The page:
4 signs of sustainability from oil, gas and mining companies

We've long been aware of the climate change impacts from the oil and gas, coal, metals and mining industries.

But this is only one slice of the sustainability pie when it comes to this so-called extractives or non-renewable resources sector. What about the impact of extractives on other social issues, or the opportunity for these industries to innovate and improve their sustainability performance?

The Sustainability Accounting Standards Board (SASB) in August convened a range of business, investment and accounting stakeholders to offer their advice on sustainability accounting standards for the non-renewable resources sector. SASB working groups play a key role in SASB’s standards setting process, providing industry-expert feedback on material environmental social and governance (ESG) issues and associated accounting metrics.  

These overarching ESG trends appeared in the extractives sector:

1. More scrutiny

The sector’s high greenhouse gas emissions and contribution to climate change are leading to increased regulatory and investor scrutiny. The oil and gas industry generates 30 percent of total methane emissions in the U.S. Methane is up to 21 times more potent than carbon dioxide as a greenhouse gas over a 20-year time span. Bills such as the Fracturing Responsibility and Awareness of Chemicals (FRAC) Act have been introduced in Congress to repeal the exemption for fracking operations under the Safe Drinking Water Act.

2. Safety records

Extraction activities are intrinsically riskier than other sectors; necessitating safety culture and emergency preparedness. According to the Bureau of Labor Statistics, the fatality rate for the oil and gas services industry was 33 per 100,000 workers in 2011, more than nine times the average rate for all industries.

3. A trend toward innovation

Companies in the sector are engaging in product innovation, including green building products, lighter and recycled materials, cleaner fuel blends and advanced biofuels. For example, Ceratech is using fly ash waste from coal burning power plants as the main input -- 95 percent -- to make cement. The U.S. produces an estimated 80 million tons of fly ash per year.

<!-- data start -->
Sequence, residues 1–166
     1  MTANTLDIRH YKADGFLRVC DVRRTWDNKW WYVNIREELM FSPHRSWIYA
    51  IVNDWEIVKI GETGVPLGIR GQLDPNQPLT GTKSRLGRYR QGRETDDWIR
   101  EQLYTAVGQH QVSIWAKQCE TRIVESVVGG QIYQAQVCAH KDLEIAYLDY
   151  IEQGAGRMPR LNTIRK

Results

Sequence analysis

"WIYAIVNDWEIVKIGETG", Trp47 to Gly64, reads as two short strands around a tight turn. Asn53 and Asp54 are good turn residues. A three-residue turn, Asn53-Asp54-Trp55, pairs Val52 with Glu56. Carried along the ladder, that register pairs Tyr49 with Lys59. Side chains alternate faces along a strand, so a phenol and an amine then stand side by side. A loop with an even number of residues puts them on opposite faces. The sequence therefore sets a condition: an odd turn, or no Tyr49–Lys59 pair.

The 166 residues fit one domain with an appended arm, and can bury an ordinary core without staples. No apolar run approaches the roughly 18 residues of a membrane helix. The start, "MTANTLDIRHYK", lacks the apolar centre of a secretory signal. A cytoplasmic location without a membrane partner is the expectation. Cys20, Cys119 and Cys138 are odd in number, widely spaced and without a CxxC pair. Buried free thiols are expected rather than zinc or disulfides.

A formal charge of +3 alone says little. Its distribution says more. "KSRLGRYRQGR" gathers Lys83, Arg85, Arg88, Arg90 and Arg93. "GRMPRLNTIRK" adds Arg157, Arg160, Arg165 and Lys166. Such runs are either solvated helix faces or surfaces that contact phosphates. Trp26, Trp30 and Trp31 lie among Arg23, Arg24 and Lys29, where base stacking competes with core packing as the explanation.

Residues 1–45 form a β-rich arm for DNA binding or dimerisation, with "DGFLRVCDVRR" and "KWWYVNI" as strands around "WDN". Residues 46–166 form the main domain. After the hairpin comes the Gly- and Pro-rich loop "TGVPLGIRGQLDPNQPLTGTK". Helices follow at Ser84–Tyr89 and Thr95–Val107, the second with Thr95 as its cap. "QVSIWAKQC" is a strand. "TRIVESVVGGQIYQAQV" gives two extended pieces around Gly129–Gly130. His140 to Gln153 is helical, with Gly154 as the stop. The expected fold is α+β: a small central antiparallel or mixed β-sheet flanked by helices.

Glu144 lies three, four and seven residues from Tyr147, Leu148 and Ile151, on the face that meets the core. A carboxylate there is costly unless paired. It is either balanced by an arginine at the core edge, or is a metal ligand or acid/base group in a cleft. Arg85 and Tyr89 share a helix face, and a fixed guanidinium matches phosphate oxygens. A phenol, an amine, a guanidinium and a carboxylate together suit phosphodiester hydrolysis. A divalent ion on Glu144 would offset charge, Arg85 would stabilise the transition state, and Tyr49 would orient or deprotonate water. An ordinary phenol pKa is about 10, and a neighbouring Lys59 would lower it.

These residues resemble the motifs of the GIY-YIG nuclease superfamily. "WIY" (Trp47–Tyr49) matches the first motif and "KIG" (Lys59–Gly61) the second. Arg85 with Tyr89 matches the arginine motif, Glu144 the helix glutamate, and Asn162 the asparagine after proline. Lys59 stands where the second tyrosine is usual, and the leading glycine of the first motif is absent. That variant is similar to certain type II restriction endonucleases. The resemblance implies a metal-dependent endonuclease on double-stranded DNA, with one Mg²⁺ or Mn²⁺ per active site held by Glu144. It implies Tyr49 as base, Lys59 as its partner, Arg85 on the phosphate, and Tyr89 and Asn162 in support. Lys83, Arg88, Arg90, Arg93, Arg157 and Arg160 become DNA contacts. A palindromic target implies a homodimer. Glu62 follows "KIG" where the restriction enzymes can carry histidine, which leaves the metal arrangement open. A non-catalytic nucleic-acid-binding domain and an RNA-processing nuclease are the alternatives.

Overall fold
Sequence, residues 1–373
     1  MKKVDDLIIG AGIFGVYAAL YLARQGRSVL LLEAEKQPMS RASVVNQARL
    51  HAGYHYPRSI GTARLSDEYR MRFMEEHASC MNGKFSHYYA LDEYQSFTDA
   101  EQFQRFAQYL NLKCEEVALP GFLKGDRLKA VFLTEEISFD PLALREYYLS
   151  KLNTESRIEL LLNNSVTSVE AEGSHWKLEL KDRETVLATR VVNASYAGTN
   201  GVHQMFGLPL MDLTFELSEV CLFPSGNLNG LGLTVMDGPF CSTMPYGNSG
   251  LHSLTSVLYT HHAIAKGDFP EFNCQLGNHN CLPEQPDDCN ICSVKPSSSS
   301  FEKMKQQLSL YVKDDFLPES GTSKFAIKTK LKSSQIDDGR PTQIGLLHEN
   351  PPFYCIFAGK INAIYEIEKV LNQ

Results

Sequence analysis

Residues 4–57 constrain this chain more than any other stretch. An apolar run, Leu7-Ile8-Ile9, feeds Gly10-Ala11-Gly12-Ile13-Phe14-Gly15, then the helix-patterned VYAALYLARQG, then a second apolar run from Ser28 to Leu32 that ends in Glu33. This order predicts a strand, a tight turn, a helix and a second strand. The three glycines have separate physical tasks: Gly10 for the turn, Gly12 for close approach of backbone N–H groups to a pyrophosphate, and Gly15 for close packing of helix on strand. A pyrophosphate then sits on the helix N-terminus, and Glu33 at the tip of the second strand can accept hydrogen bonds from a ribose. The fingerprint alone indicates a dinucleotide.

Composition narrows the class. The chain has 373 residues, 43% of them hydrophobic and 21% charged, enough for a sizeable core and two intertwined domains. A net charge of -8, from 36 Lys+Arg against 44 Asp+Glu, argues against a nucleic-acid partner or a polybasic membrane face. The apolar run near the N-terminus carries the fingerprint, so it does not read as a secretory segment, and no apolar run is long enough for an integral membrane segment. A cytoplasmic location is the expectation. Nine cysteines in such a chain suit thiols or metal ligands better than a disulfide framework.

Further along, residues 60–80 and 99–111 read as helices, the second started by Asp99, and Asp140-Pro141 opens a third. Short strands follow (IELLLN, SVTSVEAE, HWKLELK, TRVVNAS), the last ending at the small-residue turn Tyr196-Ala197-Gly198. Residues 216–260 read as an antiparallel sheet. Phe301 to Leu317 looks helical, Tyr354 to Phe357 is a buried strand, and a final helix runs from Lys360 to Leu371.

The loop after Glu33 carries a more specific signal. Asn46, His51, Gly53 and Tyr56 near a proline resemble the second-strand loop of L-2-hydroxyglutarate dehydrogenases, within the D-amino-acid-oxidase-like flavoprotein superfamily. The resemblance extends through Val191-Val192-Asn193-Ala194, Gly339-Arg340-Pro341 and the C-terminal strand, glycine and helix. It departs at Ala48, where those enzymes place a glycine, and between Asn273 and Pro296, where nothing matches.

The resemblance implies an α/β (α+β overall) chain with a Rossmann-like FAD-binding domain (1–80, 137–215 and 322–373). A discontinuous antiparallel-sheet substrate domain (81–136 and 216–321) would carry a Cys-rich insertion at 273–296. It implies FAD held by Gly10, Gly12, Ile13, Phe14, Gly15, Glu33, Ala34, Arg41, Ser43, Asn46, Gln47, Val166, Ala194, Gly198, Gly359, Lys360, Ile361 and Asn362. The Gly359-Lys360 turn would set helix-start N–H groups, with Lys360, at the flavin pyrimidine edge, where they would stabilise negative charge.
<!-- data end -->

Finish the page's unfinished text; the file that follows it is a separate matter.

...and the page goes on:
4. More transparency than expected

In addition to identifying the material ESG issues for each of the eight industries in this sector, SASB looked at the current state of disclosure of sustainability issues in the Form 10-K. Perhaps surprisingly, the non-renewables sector has a higher average of industry-specific, decision-useful metrics than other sectors we’ve examined thus far. One possible reason is that environmental impacts, for example, are better understood and quantified in extractives industries than they have been in other industries we have covered to date, such as those in the financials or technology and communications sectors.

Our researchers plan to refine the standards under development for non-renewable resource-related industries based industry working group feedback. SASB standards for these industries will be exposed for a 90-day public comment period beginning Jan. 14.

Work is advancing in other sectors. We're taking public comments for industries in the technology and communication sector, began registration for a transportation industry working group and completed standards for industries in health care. By 2015, we’ll have established standards for the disclosure of material ESG issues for more than 80 industries.

Oil pump image by Thaiview via Shutterstock.